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RIDGEFIELD, Conn. and
June 22, 2013 /PRNewswire/ --
Boehringer Ingelheim Pharmaceuticals, Inc. and Eli Lilly and Company (NYSE: LLY) today announced results from a new study in which linagliptin demonstrated statistically significant reductions in blood glucose levels (HbA
1c) after 12 weeks (the study's primary endpoint) in adults with type 2 diabetes (T2D) with moderate to severe renal impairment, compared with placebo. Most patients had T2D for more than ten years (76 percent) and were on insulin (86 percent).
Over an extension period (week 12 to week 52), patients treated with linagliptin had an overall improvement in blood glucose levels that was similar to those patients who had initially received placebo for 12 weeks and were thereafter switched to glimepiride for the remaining 40 weeks. Patients treated with linagliptin had a lower rate of hypoglycemia compared to those treated with glimepiride.
"These findings add to the growing body of knowledge for health care providers managing the increasing number of patients with type 2 diabetes and renal impairment," said
Christophe Arbet-Engels MD, PhD, vice president, metabolic-clinical development and medical affairs, Boehringer Ingelheim Pharmaceuticals, Inc. "Special considerations should be taken when prescribing treatments for the nearly two-thirds of people living with type 2 diabetes who are at risk of declining renal function."
About the Study These new findings were derived from a double-blinded trial including 235 people with T2D and moderate to severe RI (estimated glomerular filtration rate <60 mL/min/1.73m
2). For analysis of the primary endpoint, patients were randomized to linagliptin, 5 mg once daily (n=113) or placebo (n=122) for 12 weeks. For the 40-week extension period, patients initially randomized to placebo were switched to glimepiride 1-4 mg once daily and treatment continued in both groups to week 52 (n=107, linagliptin 5 mg and n=114, glimepiride 1-4 mg). The primary endpoint was the reduction in HbA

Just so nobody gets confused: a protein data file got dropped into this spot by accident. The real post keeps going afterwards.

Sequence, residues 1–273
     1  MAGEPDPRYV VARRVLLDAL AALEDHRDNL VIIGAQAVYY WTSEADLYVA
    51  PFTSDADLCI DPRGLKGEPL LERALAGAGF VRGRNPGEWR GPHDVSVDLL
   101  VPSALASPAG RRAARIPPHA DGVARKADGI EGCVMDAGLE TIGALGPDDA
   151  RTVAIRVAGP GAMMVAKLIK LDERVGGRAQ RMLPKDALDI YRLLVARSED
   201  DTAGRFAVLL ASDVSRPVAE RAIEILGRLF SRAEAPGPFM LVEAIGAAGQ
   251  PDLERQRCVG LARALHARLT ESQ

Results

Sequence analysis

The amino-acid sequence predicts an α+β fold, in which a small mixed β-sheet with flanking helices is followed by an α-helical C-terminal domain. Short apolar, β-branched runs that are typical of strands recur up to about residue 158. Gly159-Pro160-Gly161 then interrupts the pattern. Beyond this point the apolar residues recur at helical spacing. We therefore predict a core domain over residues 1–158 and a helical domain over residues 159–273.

1c levels from baseline at 12 weeks. Mean HbA
1c levels at baseline were 8.08 percent for the linagliptin group and 8.03 percent for the placebo/glimepiride group.
Key results from the study showed:
Greater mean reduction from baseline HbA 1c at 12 weeks for patients treated with linagliptin vs. placebo (-0.53 percent vs. -0.11 percent, respectively; treatment difference –0.42 percent, 95 percent CI -0.60, -0.24; p<0.0001)
In the 40-week extension, the change in mean HbA 1c was similar for linagliptin and glimepiride
Over the extension period, there was less hypoglycemia with linagliptin vs. glimepiride-treated patients (57.9 percent vs. 69.3 percent)
Linagliptin, which is marketed as Tradjenta® (linagliptin) tablets in the U.S., is a once-daily 5mg tablet used along with diet and exercise to improve glycemic control in adults with type 2 diabetes. Linagliptin should not be used in patients with type 1 diabetes or for the treatment of diabetic ketoacidosis (increased ketones in the blood or urine). If you have had inflammation of the pancreas (pancreatitis) in the past, it is not known if you have a higher chance of getting pancreatitis while you take linagliptin. Linagliptin is a DPP-4 inhibitor that does not require dose adjustment, regardless of declining renal function or hepatic impairment.